Mercer: I think it depends on the rider. The determination and the grit to get there. It is a full-on sport. You talk about 10,000 hours devoted to any sport. I think about the amount of hours in the saddle. I have spent way more than 10,000. So, I think when you’re talking about who goes that extra step to the international level. It is who puts the time and the effort in.

Jacobsen: What do you see as problems in the sport, issues?

Mercer: I think funding can be an issue, especially for young ones coming up. Exposure: Wanting to get onto people in the sport’s radar, for lack of a better word, to put yourself on the scene. It is something I have found to be difficult. Something that I have had to work at, for sure.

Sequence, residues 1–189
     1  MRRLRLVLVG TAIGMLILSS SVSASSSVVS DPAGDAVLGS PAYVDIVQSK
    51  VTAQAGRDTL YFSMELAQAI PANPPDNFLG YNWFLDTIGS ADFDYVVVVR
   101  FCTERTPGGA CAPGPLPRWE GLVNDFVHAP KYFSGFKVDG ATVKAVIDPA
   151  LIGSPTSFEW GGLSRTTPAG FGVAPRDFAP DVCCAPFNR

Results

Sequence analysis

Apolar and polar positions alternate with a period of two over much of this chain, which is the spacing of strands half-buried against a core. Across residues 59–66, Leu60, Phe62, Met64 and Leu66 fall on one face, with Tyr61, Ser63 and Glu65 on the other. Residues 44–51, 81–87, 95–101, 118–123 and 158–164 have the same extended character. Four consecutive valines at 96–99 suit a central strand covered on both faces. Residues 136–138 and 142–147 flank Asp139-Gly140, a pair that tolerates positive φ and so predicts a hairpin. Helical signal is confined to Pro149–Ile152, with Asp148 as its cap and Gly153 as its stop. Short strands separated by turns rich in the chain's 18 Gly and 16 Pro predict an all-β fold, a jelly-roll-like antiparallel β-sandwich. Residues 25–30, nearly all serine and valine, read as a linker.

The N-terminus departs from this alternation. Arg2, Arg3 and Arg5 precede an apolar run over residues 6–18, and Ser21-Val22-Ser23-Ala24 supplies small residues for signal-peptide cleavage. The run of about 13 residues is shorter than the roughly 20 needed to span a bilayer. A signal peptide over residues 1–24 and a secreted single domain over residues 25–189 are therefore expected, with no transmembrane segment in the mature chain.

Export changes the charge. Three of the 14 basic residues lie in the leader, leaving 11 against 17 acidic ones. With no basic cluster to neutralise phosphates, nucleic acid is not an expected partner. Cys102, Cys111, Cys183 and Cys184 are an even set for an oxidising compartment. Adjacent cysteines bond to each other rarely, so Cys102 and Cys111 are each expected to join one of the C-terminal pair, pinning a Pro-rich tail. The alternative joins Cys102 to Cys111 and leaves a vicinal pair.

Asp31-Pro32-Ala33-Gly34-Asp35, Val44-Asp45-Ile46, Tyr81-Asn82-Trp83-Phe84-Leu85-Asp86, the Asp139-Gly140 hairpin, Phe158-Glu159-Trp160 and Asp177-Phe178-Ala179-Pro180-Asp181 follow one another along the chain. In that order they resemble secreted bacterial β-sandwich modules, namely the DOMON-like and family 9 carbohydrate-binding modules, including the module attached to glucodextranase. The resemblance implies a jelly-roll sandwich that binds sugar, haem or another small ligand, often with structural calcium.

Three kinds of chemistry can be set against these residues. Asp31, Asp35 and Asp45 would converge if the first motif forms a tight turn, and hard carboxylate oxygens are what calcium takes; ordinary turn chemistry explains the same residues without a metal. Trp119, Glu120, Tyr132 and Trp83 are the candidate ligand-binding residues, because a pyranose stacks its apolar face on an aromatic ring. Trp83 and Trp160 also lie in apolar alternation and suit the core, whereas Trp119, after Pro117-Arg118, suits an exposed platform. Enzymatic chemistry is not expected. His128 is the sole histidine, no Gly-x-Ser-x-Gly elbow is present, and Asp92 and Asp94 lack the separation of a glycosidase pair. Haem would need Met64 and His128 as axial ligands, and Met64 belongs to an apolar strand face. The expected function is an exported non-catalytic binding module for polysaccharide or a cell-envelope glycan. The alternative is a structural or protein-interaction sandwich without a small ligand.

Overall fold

Jacobsen: I have noticed something in reaching to a lot of the Canadian prominent show jumpers. It is social media. They are on Facebook. They are on Instagram. Is there a reason for these media as a means by which they show off performances or communicate with one another over others?

Mercer: Instagram, you can share photos and videos. It is an easy way to attract a following, which is through posting memories of a show or a barn party. Same with Facebook. Facebook is massive. You can reach so many people. Everybody has Facebook, whether 80 or 18. I think it’s different demographics for both. I think they both have the most outreach, in my opinion.

Jacobsen: Which country do you think is doing well overall?

Mercer: Ireland is on a hot streak. Switzerland, all the European ones are always on there. Switzerland is doing really well. U.S.A. is always at the top.